Debunking the 1619 Project

The First Slaves of Virginia

Ann M. Casey

To countermand the insistence that America is solely responsible for slavery according to the 1619 Project, here are the facts which prove their blatant falsehood of research. One must understand how when Christianity became widespread throughout Europe, there was a distinction pertaining to the enslaving of Christians that endured through to the latter part of the 17th century a baptized Christian could not be sold as a lifetime slave. This held true when the first black “slaves” were traded for food from a Dutch slave ship. “1619: First Africans brought into Virginia”, John Rolfe wrote in his diary, "About the last of August came in a dutch man of warre that sold us twenty negars. They were needed for the booming tobacco crop, but had been baptized, so as Christians they could not be enslaved for life, but only indentured, just like many of the English colonists, for 5-7 years.”[1] As an interesting point, historians refute Rolfe’s statement, stating it was in fact a Portuguese slave trader San Juan Bautista which had been captured by the British privateers, The White Lion and The Treasurer in the Gulf of Mexico. The San Juan Bautista was bound for Mexico to sell its ‘cargo’.[2]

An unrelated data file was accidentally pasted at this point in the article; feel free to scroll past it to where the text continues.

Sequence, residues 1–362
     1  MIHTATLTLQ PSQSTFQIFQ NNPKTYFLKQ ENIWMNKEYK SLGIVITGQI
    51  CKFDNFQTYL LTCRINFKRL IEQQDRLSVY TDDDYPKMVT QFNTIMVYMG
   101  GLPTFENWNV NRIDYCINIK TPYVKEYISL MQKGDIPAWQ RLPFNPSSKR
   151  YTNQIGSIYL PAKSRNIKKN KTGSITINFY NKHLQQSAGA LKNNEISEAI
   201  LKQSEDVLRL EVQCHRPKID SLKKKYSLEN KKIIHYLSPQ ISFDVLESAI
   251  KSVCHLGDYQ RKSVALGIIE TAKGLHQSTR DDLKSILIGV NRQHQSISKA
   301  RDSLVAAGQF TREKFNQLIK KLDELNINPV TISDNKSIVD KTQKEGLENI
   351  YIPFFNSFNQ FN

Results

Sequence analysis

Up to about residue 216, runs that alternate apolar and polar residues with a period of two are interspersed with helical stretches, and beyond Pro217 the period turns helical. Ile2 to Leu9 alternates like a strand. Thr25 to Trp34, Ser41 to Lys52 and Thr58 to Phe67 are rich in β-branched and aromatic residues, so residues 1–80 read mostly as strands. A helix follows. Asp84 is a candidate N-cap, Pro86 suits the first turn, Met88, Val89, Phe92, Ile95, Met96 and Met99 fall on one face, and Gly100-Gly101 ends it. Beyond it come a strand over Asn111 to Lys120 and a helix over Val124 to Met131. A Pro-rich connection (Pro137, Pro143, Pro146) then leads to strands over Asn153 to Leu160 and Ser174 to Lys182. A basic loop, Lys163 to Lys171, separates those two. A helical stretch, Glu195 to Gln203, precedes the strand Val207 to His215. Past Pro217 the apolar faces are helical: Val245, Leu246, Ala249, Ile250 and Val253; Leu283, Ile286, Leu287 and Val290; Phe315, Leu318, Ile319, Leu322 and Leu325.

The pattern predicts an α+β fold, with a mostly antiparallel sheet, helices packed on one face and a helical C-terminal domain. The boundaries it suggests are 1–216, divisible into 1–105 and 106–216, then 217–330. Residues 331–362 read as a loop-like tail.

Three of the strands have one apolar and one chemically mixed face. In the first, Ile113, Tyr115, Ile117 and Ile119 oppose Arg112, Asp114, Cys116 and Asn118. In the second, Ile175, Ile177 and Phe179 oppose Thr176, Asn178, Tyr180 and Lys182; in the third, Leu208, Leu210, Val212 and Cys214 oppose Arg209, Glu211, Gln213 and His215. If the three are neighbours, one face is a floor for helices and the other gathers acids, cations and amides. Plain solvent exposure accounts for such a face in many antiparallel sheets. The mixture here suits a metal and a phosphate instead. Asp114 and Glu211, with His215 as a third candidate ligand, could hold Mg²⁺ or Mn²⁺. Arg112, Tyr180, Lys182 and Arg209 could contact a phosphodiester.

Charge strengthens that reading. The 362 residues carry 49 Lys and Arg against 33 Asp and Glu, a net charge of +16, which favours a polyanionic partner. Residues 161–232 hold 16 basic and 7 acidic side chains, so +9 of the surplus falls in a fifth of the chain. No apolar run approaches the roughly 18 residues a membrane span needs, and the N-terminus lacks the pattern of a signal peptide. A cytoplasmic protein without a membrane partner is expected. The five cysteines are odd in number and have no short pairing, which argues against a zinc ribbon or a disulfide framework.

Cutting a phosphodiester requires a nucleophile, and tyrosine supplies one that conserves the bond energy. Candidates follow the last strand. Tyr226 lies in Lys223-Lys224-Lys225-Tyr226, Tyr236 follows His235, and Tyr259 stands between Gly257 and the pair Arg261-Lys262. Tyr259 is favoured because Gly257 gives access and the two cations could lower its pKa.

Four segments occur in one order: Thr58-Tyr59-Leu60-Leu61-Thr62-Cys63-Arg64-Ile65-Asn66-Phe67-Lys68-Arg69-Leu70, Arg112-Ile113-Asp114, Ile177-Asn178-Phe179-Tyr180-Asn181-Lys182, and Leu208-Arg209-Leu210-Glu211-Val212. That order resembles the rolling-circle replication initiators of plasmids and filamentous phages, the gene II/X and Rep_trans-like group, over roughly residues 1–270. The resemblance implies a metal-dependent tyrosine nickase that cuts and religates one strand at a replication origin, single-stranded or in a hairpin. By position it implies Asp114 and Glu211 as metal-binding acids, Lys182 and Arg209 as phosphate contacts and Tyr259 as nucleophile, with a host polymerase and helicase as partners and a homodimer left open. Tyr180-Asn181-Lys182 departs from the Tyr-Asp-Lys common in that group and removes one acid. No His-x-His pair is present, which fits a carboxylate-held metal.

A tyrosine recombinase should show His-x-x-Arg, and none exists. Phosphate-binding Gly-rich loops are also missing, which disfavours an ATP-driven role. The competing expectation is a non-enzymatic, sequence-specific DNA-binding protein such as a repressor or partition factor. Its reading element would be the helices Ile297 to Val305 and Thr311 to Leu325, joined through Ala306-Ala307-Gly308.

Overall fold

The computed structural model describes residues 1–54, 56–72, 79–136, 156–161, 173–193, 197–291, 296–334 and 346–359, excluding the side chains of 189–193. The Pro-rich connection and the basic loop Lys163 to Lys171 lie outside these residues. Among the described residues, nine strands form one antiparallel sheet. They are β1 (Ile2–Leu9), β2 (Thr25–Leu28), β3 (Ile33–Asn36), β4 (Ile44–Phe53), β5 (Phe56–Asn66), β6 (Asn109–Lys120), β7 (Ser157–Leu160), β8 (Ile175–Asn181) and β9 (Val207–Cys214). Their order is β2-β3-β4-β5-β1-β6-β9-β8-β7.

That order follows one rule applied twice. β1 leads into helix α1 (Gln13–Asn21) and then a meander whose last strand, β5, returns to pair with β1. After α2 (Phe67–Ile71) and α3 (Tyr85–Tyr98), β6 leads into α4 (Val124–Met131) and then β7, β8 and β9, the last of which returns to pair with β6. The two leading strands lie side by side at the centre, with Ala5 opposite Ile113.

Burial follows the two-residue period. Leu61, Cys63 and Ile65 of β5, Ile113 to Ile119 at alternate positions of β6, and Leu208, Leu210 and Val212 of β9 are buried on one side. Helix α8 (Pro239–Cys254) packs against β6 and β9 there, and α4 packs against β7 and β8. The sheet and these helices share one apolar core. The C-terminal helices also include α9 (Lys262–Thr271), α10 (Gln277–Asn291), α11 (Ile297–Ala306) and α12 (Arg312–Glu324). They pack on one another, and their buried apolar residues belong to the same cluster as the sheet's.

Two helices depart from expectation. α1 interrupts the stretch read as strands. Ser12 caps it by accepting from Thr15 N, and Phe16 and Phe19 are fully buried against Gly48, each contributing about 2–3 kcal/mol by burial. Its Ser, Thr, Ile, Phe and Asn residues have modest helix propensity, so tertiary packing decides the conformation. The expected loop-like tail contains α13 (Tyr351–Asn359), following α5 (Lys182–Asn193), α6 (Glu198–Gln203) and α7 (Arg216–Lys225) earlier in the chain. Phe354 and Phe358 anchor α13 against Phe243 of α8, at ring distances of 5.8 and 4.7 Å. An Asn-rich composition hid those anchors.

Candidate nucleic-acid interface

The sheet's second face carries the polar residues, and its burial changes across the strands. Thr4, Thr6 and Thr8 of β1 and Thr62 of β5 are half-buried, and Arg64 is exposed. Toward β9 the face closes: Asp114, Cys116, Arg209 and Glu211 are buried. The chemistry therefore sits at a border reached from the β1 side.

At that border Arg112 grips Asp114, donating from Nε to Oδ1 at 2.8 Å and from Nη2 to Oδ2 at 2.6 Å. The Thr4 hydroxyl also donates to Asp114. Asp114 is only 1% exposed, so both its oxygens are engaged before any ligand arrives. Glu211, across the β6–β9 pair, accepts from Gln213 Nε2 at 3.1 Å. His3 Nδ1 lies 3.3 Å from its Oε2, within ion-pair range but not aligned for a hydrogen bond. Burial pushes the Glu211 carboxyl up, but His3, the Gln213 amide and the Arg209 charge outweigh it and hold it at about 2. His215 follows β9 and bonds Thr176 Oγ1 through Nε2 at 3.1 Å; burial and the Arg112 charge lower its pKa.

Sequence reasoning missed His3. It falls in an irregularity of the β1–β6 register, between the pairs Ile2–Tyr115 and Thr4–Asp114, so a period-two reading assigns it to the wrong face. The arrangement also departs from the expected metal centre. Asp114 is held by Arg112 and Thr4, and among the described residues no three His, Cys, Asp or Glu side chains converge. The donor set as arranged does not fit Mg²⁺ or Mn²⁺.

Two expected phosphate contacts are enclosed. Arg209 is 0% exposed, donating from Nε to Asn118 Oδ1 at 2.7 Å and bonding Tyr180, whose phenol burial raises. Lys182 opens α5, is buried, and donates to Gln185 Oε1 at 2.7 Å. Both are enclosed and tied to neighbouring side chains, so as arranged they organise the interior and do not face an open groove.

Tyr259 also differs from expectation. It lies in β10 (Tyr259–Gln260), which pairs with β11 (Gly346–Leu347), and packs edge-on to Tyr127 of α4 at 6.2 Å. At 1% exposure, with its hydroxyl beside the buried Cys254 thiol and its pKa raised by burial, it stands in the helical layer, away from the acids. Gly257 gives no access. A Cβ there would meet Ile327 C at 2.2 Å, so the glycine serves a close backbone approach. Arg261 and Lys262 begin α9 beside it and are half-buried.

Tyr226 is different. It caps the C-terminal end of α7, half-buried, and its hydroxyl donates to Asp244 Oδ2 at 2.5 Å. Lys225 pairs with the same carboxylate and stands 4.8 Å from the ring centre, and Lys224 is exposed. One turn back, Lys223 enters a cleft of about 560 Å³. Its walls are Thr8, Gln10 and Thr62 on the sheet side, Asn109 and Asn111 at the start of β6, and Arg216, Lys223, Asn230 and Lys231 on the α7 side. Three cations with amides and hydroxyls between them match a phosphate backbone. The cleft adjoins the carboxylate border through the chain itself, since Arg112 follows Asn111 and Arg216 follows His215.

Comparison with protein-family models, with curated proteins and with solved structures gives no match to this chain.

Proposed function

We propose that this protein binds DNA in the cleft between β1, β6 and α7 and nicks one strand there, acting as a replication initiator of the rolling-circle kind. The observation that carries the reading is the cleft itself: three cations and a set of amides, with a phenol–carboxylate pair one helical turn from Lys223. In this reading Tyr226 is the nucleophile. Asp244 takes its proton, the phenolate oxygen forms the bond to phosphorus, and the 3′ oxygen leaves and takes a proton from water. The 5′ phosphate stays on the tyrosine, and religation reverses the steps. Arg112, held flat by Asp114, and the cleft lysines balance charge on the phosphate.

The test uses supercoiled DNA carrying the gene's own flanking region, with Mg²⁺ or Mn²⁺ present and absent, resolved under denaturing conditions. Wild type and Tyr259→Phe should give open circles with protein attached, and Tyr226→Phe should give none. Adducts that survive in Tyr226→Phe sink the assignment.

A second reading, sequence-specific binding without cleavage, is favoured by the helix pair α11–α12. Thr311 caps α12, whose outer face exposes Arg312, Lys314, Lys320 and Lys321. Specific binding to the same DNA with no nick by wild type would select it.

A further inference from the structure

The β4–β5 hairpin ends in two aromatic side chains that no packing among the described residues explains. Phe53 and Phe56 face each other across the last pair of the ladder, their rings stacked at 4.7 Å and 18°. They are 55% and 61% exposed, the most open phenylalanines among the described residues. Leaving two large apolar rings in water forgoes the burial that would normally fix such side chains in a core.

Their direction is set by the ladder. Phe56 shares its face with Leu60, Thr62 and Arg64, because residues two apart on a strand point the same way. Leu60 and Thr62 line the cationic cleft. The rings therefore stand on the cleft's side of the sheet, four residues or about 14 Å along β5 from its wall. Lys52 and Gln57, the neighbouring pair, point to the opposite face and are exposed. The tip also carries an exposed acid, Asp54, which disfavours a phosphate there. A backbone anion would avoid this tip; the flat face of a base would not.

What is dangerous, is the omission and absence of the rest of Rolfe’s diary entry regarding their status as Christians. This in and of itself marks of shoddy scholarship, for this was the basis for decades. The other point that is not explored is the fact that England was unable to break into the African Slave Trade, as it was under the monopoly of African tribal leaders, the Middle East, the Portuguese and later the Dutch; (The White Lion was flying the Dutch flag.)

The difficulty was for England was that her economy was somewhat spent in maintaining their fledging colony of Virginia and with France occupying the vast territory to the north and Spain occupying the vast territory to the south, England had little inclination at the time to invoke either country in war. Yet with Rolfe’s smuggling of Spanish tobacco plants from a Spanish captain, in 1619, he was able to bring Jamestown and its environs a foothold on establishing a viable economy with their tobacco crop. As tobacco is labor intensive, cheap labor was needed and the solution was right on England’s streets, most notably London’s. So, what did occur was the enslavement of England’s own. The format was simple by utilizing laws on the books. Though the Vagrancy Act was passed in 1597, the first transportation of “felons”, (in actuality it was children from the ages of eight to sixteen) did not occur until 1619 under the reign of James 1st. Yet after the first trip was complete, the system gained rapidly in sophistication. The trade wind routes were utilized to gain the riches in the vast profits to be made in tobacco and rum; the return trip thus made the business of shipping convicts all that more lucrative.